Storms Essay, Research Paper

If you know where and when to look, you can

treat yourself to a colourful display of atmospheric

haloes, spots and pillars. These images can tell you

something about the clouds overhead and possible

changes in the weather. All of these images are

created by light shining through cirrostratus clouds.

These clouds occur at an altitude of 6,000-12,000

metres. They appear as a thin sheet or layer

(strata) that is pure white. The layer of cloud is so

thin (only 100-450 metres) that is doesn’t obscure

the sun or moon, so you should be able to see

your shadow. Cirrostratus is made of many types

of ice crystals. However, four crystal shapes are

responsible for producing most of the commonly

see haloes-plate crystals, columns, capped

columns and bullets. The most obvious halo is

found around the sun. If the layer of cirrostratus is

extensive, you’ll see an entire ring. Within the layer

of cloud, sunlight is striking and passing through

the sides of randomly-oriented ice crystals. As the

sunlight passes through each crystal, the light

changes direction, or refracts. The radius of the

hale depends on the amount of change in the

direction of the sun’s light. Usually this is 22

degrees. Since the sun is 1/2 of a degree across,

the radius of the halo is 44 sun-widths.

Occasionally you may see a second halo at 46

degrees from the sun (that is, with a radius of 92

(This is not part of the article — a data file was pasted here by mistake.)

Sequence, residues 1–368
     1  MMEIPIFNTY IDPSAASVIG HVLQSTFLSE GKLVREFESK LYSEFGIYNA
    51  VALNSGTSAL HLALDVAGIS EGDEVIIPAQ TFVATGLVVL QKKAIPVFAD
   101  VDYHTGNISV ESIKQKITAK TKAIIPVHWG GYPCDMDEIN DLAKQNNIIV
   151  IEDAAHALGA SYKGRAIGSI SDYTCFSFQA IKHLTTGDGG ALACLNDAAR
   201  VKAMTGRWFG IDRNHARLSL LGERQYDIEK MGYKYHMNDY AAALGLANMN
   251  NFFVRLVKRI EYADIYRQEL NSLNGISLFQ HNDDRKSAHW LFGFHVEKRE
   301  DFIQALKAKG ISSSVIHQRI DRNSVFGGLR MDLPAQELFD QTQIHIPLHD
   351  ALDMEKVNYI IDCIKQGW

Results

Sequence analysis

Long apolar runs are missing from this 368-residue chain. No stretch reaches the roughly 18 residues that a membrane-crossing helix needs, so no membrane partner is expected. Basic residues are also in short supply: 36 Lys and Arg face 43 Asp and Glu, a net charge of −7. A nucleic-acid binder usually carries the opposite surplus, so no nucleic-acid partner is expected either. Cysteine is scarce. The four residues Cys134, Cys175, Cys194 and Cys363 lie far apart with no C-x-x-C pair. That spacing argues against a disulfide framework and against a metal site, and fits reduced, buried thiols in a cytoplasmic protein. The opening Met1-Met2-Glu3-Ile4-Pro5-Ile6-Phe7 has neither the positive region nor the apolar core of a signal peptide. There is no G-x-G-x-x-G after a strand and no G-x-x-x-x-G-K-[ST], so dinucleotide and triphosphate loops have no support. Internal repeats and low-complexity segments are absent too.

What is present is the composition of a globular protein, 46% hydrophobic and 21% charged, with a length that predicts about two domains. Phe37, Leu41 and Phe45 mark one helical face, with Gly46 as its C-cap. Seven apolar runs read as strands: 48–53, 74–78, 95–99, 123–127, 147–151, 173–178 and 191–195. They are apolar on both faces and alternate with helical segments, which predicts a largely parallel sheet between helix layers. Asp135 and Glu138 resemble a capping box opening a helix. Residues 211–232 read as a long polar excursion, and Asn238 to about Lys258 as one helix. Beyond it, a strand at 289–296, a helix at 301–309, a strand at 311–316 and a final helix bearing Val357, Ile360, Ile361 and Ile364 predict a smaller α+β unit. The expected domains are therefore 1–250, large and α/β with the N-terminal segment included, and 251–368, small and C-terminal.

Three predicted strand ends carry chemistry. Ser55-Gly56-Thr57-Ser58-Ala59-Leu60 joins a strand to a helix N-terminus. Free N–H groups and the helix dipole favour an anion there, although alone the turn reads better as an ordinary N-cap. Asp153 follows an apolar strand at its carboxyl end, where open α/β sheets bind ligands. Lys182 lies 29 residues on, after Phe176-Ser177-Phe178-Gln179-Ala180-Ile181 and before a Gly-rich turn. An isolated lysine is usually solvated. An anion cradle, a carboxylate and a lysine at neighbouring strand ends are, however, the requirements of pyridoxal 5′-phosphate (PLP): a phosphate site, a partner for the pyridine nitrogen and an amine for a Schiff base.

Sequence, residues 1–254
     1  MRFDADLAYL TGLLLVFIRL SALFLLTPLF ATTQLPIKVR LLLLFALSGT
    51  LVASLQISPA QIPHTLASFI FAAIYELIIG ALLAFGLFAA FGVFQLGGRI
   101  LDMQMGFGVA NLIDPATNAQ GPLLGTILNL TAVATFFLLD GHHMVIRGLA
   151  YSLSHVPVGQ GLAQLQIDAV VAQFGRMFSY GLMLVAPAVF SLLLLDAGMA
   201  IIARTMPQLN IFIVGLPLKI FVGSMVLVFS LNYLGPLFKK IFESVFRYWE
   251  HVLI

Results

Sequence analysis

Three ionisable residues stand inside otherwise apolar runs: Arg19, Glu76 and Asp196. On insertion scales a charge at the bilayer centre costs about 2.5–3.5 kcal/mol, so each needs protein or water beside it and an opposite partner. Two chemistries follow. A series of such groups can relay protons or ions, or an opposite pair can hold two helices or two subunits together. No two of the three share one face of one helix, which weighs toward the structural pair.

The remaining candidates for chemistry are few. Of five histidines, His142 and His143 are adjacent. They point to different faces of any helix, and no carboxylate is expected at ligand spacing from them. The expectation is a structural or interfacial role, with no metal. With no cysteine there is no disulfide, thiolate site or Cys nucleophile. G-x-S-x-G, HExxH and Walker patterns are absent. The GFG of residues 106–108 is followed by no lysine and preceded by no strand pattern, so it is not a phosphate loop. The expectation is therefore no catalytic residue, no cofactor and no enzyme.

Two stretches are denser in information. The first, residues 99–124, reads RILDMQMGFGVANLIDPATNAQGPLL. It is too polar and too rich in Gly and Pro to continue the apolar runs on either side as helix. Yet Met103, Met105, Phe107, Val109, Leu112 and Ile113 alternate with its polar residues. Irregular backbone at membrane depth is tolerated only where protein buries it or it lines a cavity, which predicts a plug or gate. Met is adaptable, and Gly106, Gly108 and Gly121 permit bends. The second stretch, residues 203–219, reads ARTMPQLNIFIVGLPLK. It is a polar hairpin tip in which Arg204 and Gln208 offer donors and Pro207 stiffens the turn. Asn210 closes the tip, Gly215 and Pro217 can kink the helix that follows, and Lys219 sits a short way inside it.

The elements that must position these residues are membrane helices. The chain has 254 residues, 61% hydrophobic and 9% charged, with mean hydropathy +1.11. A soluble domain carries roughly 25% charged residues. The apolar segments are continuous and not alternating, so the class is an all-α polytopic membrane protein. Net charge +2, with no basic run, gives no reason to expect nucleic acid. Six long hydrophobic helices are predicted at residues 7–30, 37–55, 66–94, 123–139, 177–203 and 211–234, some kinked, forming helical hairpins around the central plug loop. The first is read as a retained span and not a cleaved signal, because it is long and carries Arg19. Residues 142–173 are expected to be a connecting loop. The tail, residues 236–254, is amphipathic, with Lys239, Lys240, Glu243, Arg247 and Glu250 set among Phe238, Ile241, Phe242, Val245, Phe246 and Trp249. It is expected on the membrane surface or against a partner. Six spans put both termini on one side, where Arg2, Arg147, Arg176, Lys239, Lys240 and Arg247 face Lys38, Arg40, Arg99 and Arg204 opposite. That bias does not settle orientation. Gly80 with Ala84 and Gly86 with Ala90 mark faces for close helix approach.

sun-widths). This is produced by sunlight passing

through both the side and bottom of each crystal.

Moonlight will also produce a halo, around the

moon, with the proper layer of cirrostatus.

Another common optical effect is known as "mock

suns" or "sun dogs" or "parhelia" (Greek for "with

the sun"). These bright spots on either side of the

sun, outside of the halo, occur when sunlight

passes through the sides of capped columns,

bullets and plate crystals, when these crystals are

arranged with their sides vertical. The crystals

wobble, diffusing and smearing the colours of the

mock sun. You can see haloes and mock suns

more clearly if you block out your view of the real

sun by holding your hand in front of it at arm’s

length. Another spectactular optical effect is the

solar pillar. This is a vertical shaft of light the same

colour as the sun stretching upwards from the sun

and is most often seen at sunset or sunrise. It’s

produced by sunlight reflecting of the base of plate

and capped column crystals in the clouds. You

can also see pillars in an ice fog, when it’s

illuminated by streelights, or airport runway lights,

for instance. The appearance of all these optical

images is a good indication that the weather will

change. Strong vertical air currents associated with

low pressure storms carry moist air skyward,

where the water freezes. High speed winds above

the storm system push the ice crystals on ahead.

When you see haloes around the sun or moon,

you can be sure of two things-there are

cirrostratus clounds above and, in a day or two,

the skies will darken with an approaching storm.

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